Alison Rowat’s TV week

The Herald - The Herald Magazine - - Contents - ALISON ROWAT

ONE of the many de­lights of Mrs Amer­ica (BBC2, Wed­nes­day) was the way zingers reg­u­larly flew through the air like bul­lets. Set in the US as the Viet­nam war raged, the fo­cus of Dahvi Waller’s drama was the fight for equal rights.

“No-one likes fem­i­nists,” said Fred Sch­lafly, hus­band of doughty Repub­li­can and an­ti­women’s lib­ber Phyl­lis. “Not even lib­er­als.”

“That’s true,” trilled Phyl­lis. “They’re no fun.”

Cut to a scene of Glo­ria Steinem slo-mo walk­ing into the Guggen­heim on Fifth Av­enue to launch her new mag­a­zine, “Ms”. Long hair, coltish pins, avi­a­tor glasses and an Ado­nis on her arm, Steinem was clearly hav­ing about as much fun as a woman can legally have in pub­lic. But it was all about per­cep­tion, see. One woman’s lonely child­less fem­i­nist was an­other’s red hot editor light­ing up the age. Whose side were you on?

Mrs Amer­ica, to its credit, did not make it easy to choose a side and stick to it. Cer­tainly, Sch­lafly (played mag­nif­i­cently by Cate Blanchett) was a mon­ster at times, ruth­less, ma­nip­u­la­tive, a pur­veyor of fake news be­fore the term was born, but she suf­fered, too, from be­ing a woman in a man’s world. Then there was the groovy gang, Glo­ria (Rose Byrne), Shirley Chisholm (UzoA­duba) and Betty Friedan (Tracey Ull­man) to the fore.

This was a drama that liked women, loved them even, but was as clear-eyed about their strengths as their weak­nesses. “Peo­ple are al­ways try­ing to di­vide up women,” said Steinem to Friedan af­ter an­other fall­ing out be­tween the pair. “It’s just an­other way to take away our power.”

I think Betty and Glo­ria could have raised a col­lec­tive eye­brow over The Se­crets She Keeps (BBC1, Mon­day-Tues­day), a

new drama set in sub­ur­ban Aus­tralia. Adapted from Michael Robotham’s novel, this tale of two women came from the genre I like to call “Women Do the Cra­zi­est Things, Bless Them”.

Yummy mummy blog­ger Meghan was hav­ing her third baby; mousey and barely-get­ting-by shop as­sis­tant Agatha was hav­ing her first. But all was not as it seemed. Why had Ag­gie (Laura Carmichael, a long way from Lady Edith in Down­ton Abbey) taken to stand­ing in the dark in Meghan’s gar­den, spy­ing on her? Why was Meghan (Jes­sica de Gouw) so iffy with her hus­band’s best pal? And why were there so many staff in that

tiny cor­ner shop when Meghan was its only cus­tomer?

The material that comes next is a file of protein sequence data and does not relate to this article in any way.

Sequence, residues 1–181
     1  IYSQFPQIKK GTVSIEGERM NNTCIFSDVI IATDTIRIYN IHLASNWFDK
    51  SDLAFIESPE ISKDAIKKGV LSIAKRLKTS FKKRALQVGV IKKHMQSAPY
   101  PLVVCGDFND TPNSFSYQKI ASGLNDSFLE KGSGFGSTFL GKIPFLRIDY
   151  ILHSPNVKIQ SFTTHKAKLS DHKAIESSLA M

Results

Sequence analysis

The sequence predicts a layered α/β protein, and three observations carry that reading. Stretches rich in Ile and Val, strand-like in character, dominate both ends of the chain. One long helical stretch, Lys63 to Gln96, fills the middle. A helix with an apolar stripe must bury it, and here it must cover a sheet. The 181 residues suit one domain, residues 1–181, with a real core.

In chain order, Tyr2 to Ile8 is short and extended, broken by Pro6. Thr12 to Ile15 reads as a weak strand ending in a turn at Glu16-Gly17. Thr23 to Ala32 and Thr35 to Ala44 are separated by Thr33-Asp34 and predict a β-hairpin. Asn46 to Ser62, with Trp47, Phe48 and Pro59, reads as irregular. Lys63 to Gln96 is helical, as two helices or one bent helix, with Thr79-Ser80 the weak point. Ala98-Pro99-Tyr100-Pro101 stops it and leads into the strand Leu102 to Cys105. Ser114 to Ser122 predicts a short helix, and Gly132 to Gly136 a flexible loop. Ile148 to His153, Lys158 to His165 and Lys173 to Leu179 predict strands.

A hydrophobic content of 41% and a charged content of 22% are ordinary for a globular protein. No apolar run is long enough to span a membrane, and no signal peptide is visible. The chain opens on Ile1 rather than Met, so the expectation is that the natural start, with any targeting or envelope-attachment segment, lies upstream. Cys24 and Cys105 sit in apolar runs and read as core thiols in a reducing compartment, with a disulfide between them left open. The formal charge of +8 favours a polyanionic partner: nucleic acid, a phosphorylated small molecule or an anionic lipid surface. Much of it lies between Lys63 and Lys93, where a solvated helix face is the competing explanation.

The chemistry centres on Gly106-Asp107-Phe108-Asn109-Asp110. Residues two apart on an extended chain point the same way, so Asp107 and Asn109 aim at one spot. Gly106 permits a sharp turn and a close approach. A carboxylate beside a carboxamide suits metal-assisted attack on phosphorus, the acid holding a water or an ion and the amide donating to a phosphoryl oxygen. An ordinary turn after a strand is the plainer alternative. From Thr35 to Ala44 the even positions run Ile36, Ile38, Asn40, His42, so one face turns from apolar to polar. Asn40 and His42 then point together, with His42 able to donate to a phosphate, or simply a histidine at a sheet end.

The Se­crets She Keeps was soap opera dressed up as a psy­cho­log­i­cal thriller, the kind of well-worn hokum in which women slap men in the face, men say, “You know I’m in love with you”, and peo­ple are al­ways a split sec­ond away from get­ting caught do­ing some­thing they shouldn’t. Dis­tract­ing in a sum­mer TV, noth­ing on Net­flix kind of way, and a classy per­for­mance from Lady Edith, but the angst was ex­haust­ing and there are still four episodes to go.

The Bat­tle of Bri­tain: 3 Days That Saved the Na­tion (Chan­nel 5, Tues­day-Thurs­day) promised it would not go down the fa­mil­iar route of fo­cus­ing on “tac­tics, ma­chines and fa­mous names”. While the first two in­evitably came into play as pre­sen­ters

Kate Hum­ble and Dan Snow took to the skies in Spit­fires, the pro­gramme was as good as its word the lat­ter. Here was the story of Flight Lieu­tenant Archie McKel­lar, who grew up in a Pais­ley ten­e­ment, used his wages as an ap­pren­tice to pay for fly­ing lessons, and be­came an ace pilot, shoot­ing down record num­bers of en­emy air­craft. Here, too, we learned about fel­low Scot John Hannah, 18, who put out a fire in his plane, even though hor­rif­i­cally in­jured, and was awarded the VC.

Now 80 years on, it was left to various neph­ews, sons, and other rel­a­tives to tell the sto­ries, or in some cases learn de­tails of their an­ces­tors’ hero­ism for the first time, as Snow and Hum­ble em­barked on “Who Do You Think You Are” dives into the records. All those young men and women, sac­ri­fic­ing so much. One hoped they all man­aged to live hap­pily ever af­ter but of course it could not be.

One haunt­ing fact among many was that the av­er­age life ex­pectancy of a Bat­tle of Bri­tain pilot was four weeks.

There She Goes (BBC2, Thurs­day), back for a sec­ond se­ries, be­gan in typ­i­cally an­ar­chic fash­ion with a fam­ily trip to the li­brary. As daugh­ter Rosie, who has learn­ing dis­abil­i­ties, raced around pulling books off shelves and crash­ing the par­ent and tod­dler book cir­cle, par­ents Si­mon and Emily (David Ten­nant and Jes­sica Hynes) dealt with the eye rolls and tut­ting by apol­o­gis­ing a lot.

As ever, writ­ers Shaun Pye and Sarah Craw­ford, who based the com­edy drama on their own ex­pe­ri­ences, did not sugar coat the lows. The flash­back scene in the car af­ter Si­mon and Emily had been told the ex­tent of Rosie’s dis­abil­ity was a heart­breaker, but there was so much joy here be­sides.

Laura Carmichael and Jes­sica De Gouw play Ag­gie and Meghan in The Se­crets She Keeps; Uzo Aduba is Con­gress­woman Shirley Chisholm in Mrs Amer­ica

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